Two news items in the past few days highlight the importance of being clear about what we mean when we say Open Access (OA). Elsevier, which now defines itself as a “global information analytics business”, rather than as an academic publisher, has reached an agreement with Impactstory to use Unpaywall to help Scopus users find “peer-reviewed articles tagged as OA”.
Elsevier has also announced that it is acquiring Aries Systems, “a leader in scientific publication workflow solutions”, whose tag line is “publish faster, publish smarter, with Aries Systems”. I would be much more interested in publishing cheaper, more broadly and more accessibly, but that doesn’t seem to be their priority, or Elsevier’s. “The acquisition is”, apparently, “in line with Elsevier’s organic growth driven strategy, supported by acquisitions of innovative open science companies that are helping improve the research information ecosystem”.
Lost in all the business jargon and the claimed commitment to OA is the fact that in both cases, Elsevier defines OA merely as non-subscription based. As far as I have been able to determine, Unpaywall, which in itself is a good idea, includes Author Processing Charge (APC) journals in their OA category. In fact, their data schema explicitly lumps green, gold and bronze OA into a single category.
It should be clear by now even to casual observers that APC based journals are no more open than subscription-based ones. APC journals simply move the gate from one end of the publishing process to the other. Instead of restricting who can read scholarship, they restrict who can contribute scholarship, which is at least as damaging to the academic process, if not more.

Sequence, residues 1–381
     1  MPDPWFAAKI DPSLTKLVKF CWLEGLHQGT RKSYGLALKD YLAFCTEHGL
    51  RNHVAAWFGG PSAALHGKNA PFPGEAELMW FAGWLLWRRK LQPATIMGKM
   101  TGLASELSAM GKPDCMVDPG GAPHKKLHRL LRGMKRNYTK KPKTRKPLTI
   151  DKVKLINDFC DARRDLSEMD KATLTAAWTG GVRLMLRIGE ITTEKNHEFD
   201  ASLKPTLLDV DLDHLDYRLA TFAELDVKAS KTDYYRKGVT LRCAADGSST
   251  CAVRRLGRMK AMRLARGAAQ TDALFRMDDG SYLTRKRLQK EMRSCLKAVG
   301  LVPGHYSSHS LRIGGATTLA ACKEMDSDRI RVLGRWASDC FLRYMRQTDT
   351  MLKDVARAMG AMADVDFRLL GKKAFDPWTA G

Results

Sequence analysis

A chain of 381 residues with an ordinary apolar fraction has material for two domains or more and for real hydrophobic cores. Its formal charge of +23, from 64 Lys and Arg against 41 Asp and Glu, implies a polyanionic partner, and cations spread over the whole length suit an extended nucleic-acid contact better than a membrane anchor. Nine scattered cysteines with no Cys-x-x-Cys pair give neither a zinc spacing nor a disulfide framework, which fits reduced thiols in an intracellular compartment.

And as Springer Nature suggested in the prospectus for its failed Initial Public Offering, far from reducing the collective cost of academic publishing, the APC model, by moving the cost center from the consumer of scholarship to the producer, could actually generate more revenue and profits for commercial publishers than the current journal subscription model, by leveraging journal impact factor. In plain language, that means more costly scholarly publishing for all of us through more public expenditure for the publication of already publically funded research.
If the Springer Nature prospectus was a road map for the co-opting of OA by commercial interests, it’s fulfillment is in Elsevier’s rapid acquisition of initially OA related entities such as Mendeley and Bepress. The result, and the apparent intent, is to define APC as OA, and more importantly, to define OA as APC, in order to preserve the profits of the increasingly irrelevant big commercial publishers at the expense of the public interest. They are clearly out to convince us that we need them and their business model, when it is clear that we don’t.
For any scholar and/or citizen interested in open scholarship, it is increasingly important to be clear about the meaning of open. It means accessible to both consumers and producers or scholarship. It means not closed at one end, and not closed at the other. Subscription based journals are not open, and they are not necessary. APC based journals are not open and they are not necessary.
We must actively correct publishers every single time they say OA when they really mean APC based. We must be very conscious that once captured by a commercial publisher, an initially OA initiative is no longer OA. In other words, we have to be vigilant, and we have to take ownership of OA and its definition. That is the real road to an improved “research information ecosystem’.
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